Here's a good Wikipedia account of Team B. The bottom line is that its analysis was, to use the technical term, shite, and it misread nearly everything about the USSR but especially its potential for aggressive nuclear war and the strength of its economy. But the 1980s saw massively higher defence spending motivated by Team B, jobs for many its members, and its alumni would then play a key role in making the case for the 2003 invasion of Iraq.

And now the Eye of Team B is upon ... Iran!

Tuesday, April 14, 2015

Bank robbers

General Electric (GE) used to run a large financial operation -- a bank: GE Capital. It's decided to get rid of it. As Paul Krugman explains, this is because US regulators decided that since GE Capital was acting like a large bank, it should be regulated like one. That hasn't stopped the howls of outrage about overzealous regulation. The Wall Street Journal adds more. GE Finance wasn't just a bank; it was a tax dodge factory --

In cutting loose its banking business, General Electric Co. isn’t just shedding a profitable lending operation. It’s also losing a rich source of tax breaks.... GE says its effective tax rate could rise to 20% or more in the future, roughly double last year’s rate of just over 10% ... What that means in practice, a person familiar with the matter said, is that GE Capital can borrow in the U.S., using the interest it pays to offset its industrial profits at home, and then make profits by investing the money out of Uncle Sam’s reach overseas.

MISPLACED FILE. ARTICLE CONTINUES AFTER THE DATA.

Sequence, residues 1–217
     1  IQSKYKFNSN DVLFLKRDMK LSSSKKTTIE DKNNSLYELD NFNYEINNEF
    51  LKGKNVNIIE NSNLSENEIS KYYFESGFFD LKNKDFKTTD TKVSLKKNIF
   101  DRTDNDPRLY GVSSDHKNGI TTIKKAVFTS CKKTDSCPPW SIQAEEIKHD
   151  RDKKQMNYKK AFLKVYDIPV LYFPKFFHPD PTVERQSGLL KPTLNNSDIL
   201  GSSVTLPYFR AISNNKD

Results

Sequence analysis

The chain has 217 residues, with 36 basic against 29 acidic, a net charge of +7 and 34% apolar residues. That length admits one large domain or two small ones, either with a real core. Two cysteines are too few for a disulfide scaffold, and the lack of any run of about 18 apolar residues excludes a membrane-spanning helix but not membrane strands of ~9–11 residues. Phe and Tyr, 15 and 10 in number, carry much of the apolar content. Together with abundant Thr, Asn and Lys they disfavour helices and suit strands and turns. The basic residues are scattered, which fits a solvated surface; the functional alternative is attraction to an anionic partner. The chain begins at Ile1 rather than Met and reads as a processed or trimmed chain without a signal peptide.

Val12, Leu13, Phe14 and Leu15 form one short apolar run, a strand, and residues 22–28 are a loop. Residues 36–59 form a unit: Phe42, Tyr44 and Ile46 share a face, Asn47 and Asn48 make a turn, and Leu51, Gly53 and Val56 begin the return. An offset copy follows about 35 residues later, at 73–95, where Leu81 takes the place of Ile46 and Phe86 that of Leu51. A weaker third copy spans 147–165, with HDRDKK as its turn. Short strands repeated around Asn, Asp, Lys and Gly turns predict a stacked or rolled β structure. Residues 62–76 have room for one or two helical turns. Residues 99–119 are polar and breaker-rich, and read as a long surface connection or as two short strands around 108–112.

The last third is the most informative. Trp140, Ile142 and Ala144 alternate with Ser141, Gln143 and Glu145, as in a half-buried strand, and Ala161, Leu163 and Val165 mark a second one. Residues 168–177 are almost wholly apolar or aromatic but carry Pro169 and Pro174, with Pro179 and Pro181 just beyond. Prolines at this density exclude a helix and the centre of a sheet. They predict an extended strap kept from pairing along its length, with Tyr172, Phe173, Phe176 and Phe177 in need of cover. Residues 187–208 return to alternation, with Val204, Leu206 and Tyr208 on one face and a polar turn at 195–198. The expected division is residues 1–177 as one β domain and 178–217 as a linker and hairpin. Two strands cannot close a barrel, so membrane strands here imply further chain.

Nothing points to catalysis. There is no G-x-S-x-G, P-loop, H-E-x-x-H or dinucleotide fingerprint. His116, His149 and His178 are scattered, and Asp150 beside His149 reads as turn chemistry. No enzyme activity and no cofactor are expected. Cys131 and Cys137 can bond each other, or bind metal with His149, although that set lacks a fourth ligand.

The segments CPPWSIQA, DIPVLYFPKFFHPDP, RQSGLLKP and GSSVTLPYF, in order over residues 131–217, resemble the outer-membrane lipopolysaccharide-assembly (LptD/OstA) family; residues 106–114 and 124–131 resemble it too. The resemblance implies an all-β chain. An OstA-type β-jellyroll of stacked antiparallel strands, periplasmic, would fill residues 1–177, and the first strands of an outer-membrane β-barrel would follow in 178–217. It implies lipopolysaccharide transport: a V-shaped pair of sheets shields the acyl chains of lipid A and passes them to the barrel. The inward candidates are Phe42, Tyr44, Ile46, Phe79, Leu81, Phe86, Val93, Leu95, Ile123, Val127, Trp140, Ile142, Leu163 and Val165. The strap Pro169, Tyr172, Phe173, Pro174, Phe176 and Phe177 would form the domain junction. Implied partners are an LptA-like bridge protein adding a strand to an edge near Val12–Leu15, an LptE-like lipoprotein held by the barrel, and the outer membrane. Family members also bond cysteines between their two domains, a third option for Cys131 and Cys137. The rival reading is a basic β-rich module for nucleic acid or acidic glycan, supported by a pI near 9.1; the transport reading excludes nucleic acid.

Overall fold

Just what your friendly neighbourhood bank was meant for!

Jordan tells Saudi Arabia to get out of Yemen while they can

Seemingly oblique comment from Jordan's King Abdullah in interview with Brett Baier on Fox News --

As commander of special operations many years ago, I was involved in training of Yemeni special forces, so I know the complications of Yemen .. I think that .. I would humbly suggest that the quicker we find a political situation to that issue, the better.

Much of the focus of the subsequent panel discussion was on his remarks about his Iran and the general impact of the Arab Spring. Yet he essentially just told his Gulf neighbours, and the US supporters of their Yemeni operation -- based on personal military experience -- that they're backing a loser.

Saturday, April 11, 2015

Springtime for Saleh

Reuters, 18 March 2011 --

Gunmen on rooftops shot dead up to 42 protesters at an anti-government rally in Sanaa after Muslim prayers on Friday, enraging the opposition and prompting President Ali Abdullah Saleh to declare a state of emergency. Medical sources and witnesses told Reuters that Yemeni security forces and plainclothes snipers, who protesters said were government security men, had opened fire on the crowds. The Interior Ministry put the death toll at 25, but doctors said 42 people had died and at least 300 were injured. 

Despite widespread condemnation of that incident and others like it, there's never been any accountability for it. Four years later, Saleh is now bankrolling and supporting the Houthi revolt, and his aligned forces include snipers on rooftops in Aden. You can't teach an old dog new tricks. Not least the trick where he cons gullible western governments that he might be the solution to Yemen's endless faction fighting.

Friday, April 10, 2015

It would be a lot easier if they dumped Bashar